Steve A. Cohen, one of the 30 richest people in the United States.

Born in 1956 and fascinated with finance ever since an early age, Cohen was a talented poker player and an avid “Wall Street Journal” reader even as a student at the Wharton School of the University of Philadelphia, one of the best business programs in the United States, and the world.

In 1978, at the age of 21, Cohen landed a job at a New York brokerage firm and very soon gained a reputation of a whiz kid, a genius trader.

However, just seven years later, the SEC revealed that Cohen was probably using some insider information when investing in electronics company RCA’s shares before its imminent takeover by General Electric.

The criminal case was dropped, and Cohen went about the usual business.

In 1992, at the age of 36, he founded his own investment firm, SAC Capital Advisors, with an initial investment of $23 million.

Just seven years later, the company boasted $1 billion in assets!

So, how did Steve Cohen and SAC did it?

Obviously – by aggressively hunting and hiring connected people, who were then able to give Cohen the necessary insider information.

But that wasn’t the only tactic.

SAC was also not beyond spreading false news and reports about companies, thus causing their stock prices to drop and profit hugely from betting against them.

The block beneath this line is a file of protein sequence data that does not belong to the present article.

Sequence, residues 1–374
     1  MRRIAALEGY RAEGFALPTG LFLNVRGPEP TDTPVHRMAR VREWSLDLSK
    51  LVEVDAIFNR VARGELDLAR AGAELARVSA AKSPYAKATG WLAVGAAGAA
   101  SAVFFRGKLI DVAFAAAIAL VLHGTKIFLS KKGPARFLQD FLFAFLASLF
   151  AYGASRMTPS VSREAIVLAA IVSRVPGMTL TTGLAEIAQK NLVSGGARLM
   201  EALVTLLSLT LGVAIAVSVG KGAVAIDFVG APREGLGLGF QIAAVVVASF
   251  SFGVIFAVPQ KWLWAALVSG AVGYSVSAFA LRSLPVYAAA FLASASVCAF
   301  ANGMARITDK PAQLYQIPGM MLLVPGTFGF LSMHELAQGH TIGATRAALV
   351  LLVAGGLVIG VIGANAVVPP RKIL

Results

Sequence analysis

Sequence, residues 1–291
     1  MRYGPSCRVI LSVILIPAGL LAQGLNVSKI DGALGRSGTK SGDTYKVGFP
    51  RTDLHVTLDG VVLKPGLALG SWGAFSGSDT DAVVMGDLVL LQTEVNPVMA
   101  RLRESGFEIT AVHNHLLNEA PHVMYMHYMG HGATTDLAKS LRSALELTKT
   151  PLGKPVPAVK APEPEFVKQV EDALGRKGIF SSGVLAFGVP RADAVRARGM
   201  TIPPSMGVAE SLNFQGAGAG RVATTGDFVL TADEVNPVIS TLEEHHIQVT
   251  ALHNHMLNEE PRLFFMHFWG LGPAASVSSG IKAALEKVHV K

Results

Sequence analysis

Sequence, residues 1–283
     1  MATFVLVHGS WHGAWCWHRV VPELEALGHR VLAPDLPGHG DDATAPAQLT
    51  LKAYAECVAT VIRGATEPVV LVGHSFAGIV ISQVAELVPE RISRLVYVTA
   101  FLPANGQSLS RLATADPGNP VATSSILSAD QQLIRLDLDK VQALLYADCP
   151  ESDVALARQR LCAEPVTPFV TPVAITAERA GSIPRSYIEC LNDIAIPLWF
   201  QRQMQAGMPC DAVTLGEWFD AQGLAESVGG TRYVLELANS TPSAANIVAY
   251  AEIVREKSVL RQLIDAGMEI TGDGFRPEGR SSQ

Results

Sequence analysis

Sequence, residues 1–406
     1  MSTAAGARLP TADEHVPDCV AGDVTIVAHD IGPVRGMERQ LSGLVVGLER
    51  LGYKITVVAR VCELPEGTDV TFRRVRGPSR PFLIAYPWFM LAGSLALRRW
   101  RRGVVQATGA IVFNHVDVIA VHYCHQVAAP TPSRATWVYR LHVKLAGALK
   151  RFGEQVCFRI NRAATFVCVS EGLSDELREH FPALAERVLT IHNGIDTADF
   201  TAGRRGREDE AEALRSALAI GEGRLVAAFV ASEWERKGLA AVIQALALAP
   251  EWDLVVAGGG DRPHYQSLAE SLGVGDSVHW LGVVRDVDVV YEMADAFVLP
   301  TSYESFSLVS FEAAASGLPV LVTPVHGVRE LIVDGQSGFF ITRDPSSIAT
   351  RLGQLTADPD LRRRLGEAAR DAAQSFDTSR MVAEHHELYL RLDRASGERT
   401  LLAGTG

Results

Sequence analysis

Biovail and Fairfax – two Canadian companies – were the first to notice this practice and to blame SAC as the mastermind behind it.

And, to the surprise of no one, in 2006, SAC was accused of manipulating stock prices – another investigation which amounted to nothing.

But, then in 2008, SAC’s greediness went even further, when they earned $276 billion by short-selling the stocks of two pharmaceutical companies – Elan and Wyeth – who tried unsuccessfully to develop a cure for Alzheimer’s just seconds prior to the announcement of the results.

The SEC and the FBI took notice.

Unfortunately, on November 19, 2010, the “Wall Street Journal” published a story about SEC’s and FBI’s investigations into the matter and this resulted in the traders setting about on an operation to destroy their hard drives and all possible evidence.

However, few months later the authorities realized that there must be some kind of a connection between the Elan and Wyeth short-sale and the fact that Dr. Sidney Gilman, the chair of Elan’s safety monitoring committee, and Matthew Mortoma, a SAC trader, were talking a lot on the phone during the previous few months.